For lack of better terms, I tend to look at comedy in two very broad terms, that can be elaborated on later. Big ideas and small ideas.
Big idea comedy, at least in the way that I think of it, are premises that try to tackle the big issues in our society. Poverty, inequality, women’s issues, race, are what I would call Big ideas. These are things that people have an idea about, but may not have thought of them in a comedic way. I think a lot of comedians start out writing material with these ideas in mind. Why? Because it can be easier to grasp for both the comedian and the audience. We have been confronted with most of these ideas, so there is not much set up required. As soon as you start going into the bit, everyone more or less has an understanding of the topic at hand. This does not mean it is easy. On the contrary, big idea comedy writing is usually the hardest to write effectively. There is a reason they are ideas that still linger in our society, and there are many different ways to fail an idea you are trying to get out to the audience. I have sat at hundreds of open mics where the person wants to say something witty about these issues, but instead comes off as offensive or tone deaf. If that is the idea then, to make it seem as though you have no idea what is going on, then exaggeration is your friend.
Newer comedians tend to want to go after these topics for another reason, they have seen their favorite comedians knock these topics out of the park. The problem is that we tend to not see the work that is involved with crafting a joke so it seems easy when in actuality it is quite difficult. So, how would I advise a new comedian to go after these big ideas? I wouldn’t. I would tell them to go after things that others can’t duplicate (this is where small idea comedy comes in). If they really want to though, I would tell them that saying the same thing that every comedian in the world is already saying is not a good way to differentiate yourself from the masses. That is why blue collar comedy is what it is. It says something completely different from what hundreds of other comedians are saying.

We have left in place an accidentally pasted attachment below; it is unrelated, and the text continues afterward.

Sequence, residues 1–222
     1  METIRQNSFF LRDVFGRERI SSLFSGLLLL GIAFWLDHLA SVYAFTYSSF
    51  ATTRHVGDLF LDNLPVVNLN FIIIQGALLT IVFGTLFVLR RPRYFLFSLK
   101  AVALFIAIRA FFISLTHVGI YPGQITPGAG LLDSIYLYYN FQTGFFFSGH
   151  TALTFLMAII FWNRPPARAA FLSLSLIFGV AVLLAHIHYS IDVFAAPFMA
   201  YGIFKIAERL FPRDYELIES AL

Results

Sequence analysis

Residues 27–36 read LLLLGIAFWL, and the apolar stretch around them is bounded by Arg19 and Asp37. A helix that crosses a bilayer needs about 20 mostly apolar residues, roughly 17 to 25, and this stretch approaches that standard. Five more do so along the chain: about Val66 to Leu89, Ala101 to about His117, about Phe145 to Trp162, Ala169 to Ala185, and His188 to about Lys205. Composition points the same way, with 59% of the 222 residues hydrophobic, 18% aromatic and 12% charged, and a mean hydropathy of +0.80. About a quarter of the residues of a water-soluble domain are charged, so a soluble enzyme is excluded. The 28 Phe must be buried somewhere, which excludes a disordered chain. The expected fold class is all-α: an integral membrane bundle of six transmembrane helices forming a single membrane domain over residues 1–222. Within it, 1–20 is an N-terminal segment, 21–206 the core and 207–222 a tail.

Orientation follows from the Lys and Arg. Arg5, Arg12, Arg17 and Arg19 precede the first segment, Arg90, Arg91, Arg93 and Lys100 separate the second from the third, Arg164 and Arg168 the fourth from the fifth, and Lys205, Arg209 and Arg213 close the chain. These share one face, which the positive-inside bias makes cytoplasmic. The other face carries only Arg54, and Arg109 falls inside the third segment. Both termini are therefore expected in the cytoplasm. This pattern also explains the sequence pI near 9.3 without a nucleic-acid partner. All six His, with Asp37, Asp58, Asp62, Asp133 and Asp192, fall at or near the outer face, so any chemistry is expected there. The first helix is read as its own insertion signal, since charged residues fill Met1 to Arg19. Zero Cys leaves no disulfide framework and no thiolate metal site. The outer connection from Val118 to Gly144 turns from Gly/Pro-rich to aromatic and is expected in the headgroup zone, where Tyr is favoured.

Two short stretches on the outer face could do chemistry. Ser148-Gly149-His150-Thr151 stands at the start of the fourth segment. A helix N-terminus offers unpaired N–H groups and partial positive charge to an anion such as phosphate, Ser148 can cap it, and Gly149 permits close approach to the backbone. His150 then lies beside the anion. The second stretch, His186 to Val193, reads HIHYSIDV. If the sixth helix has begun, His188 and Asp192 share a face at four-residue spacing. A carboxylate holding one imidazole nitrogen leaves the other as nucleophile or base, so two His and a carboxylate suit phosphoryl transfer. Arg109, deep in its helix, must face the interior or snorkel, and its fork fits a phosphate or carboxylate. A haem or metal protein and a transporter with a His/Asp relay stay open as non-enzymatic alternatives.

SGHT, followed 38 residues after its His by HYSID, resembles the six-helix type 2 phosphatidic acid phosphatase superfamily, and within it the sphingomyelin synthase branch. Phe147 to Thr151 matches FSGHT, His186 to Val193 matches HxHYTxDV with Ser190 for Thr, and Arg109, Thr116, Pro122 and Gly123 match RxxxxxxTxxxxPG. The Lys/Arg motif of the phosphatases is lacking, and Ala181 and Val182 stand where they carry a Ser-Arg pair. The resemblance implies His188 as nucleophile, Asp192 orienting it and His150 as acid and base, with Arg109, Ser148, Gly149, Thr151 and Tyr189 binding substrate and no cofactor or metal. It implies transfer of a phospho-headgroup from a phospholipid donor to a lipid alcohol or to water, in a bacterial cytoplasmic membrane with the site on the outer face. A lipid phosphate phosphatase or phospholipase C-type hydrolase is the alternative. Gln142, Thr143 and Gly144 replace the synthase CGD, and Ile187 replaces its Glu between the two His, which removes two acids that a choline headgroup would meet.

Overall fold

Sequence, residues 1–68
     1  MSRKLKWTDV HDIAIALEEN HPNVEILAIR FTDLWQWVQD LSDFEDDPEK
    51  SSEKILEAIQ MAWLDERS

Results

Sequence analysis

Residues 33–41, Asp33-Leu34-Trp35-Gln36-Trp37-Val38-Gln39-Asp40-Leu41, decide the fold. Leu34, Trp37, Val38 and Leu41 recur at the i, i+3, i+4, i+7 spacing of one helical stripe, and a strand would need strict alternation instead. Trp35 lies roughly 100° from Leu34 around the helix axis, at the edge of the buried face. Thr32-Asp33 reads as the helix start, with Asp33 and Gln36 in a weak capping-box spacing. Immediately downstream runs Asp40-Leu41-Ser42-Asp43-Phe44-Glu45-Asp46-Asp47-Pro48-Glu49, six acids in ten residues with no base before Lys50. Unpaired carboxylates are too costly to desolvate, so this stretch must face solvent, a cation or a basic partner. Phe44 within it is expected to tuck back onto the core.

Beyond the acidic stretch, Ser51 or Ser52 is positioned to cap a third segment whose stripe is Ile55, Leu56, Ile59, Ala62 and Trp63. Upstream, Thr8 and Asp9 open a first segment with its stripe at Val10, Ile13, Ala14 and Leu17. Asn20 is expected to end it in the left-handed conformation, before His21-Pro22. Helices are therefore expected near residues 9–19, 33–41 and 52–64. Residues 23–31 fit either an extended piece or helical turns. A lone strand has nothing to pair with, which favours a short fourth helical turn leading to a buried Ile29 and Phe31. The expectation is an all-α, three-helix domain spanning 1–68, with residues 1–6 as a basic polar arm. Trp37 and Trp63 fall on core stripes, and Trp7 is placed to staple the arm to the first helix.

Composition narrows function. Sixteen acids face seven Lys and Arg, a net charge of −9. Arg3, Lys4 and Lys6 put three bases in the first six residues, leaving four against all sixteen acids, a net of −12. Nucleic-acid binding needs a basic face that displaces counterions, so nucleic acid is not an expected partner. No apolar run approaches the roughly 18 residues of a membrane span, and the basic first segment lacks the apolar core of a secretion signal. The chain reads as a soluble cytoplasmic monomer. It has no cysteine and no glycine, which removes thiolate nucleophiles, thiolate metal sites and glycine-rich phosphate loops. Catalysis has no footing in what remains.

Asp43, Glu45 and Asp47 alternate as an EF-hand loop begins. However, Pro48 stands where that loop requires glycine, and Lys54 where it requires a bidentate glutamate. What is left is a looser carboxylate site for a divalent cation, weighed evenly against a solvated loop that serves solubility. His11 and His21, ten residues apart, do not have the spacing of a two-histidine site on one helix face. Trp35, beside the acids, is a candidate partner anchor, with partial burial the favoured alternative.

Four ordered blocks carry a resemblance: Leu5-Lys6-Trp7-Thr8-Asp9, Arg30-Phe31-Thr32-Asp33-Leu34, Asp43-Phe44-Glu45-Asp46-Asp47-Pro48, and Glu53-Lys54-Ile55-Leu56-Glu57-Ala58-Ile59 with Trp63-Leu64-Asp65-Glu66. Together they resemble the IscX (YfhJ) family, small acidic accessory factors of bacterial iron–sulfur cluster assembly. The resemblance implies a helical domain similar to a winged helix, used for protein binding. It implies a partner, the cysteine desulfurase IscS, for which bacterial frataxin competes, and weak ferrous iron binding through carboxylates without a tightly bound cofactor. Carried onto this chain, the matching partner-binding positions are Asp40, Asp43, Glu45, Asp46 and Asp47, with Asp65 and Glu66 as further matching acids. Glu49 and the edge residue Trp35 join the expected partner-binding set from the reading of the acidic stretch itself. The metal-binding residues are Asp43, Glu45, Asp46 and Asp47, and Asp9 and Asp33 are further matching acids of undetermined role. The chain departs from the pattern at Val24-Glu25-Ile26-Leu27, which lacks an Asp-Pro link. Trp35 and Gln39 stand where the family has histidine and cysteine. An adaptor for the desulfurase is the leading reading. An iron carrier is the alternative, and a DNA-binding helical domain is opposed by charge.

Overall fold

Small idea comedy may sound like the opposite, and you would be partly right. Small ideas, as I am writing them, are things that are happening to you directly. It is not as big as race relations, but it can be, just as long as it is happening to you. This seems to be how a lot of comedians progress as they get more comfortable with the way they write. They start off talking about really heavy ideas, and then they look within their own lives to find humor. To a lot of newer comedians, this seems daunting. You may be young and thing the things that are happening to you directly would not be funny, but have you sat down and thought about it? Have you taken time to assess situations in your life that could be funny? When you start thinking about comedy differently, you start to realize that you can find a lot of good material in smaller ideas. How does going out in public make you feel? Do you hate your in-laws? These are things that do not affect the lives of many, but can still be funny.
How can you get to these small ideas and write effective material about them? First, think about the things that bother you. The things that make you laugh. These are things that a lot of other people may find weird enough to laugh at. Some of the greatest comedians ever made their names from looking within and being able to articulate it in ways that made others laugh. What is great about this material is because it is more personal, it is harder for others to duplicate. This is the material that audiences will remember you for. Do you have funny stories? That is small idea comedy!
I hope I was able to get these idea across in an effective manner. If not please let me know in the comments. While you are at it, go here to pick up the new book from my friend Andrew Oullette. Thanks!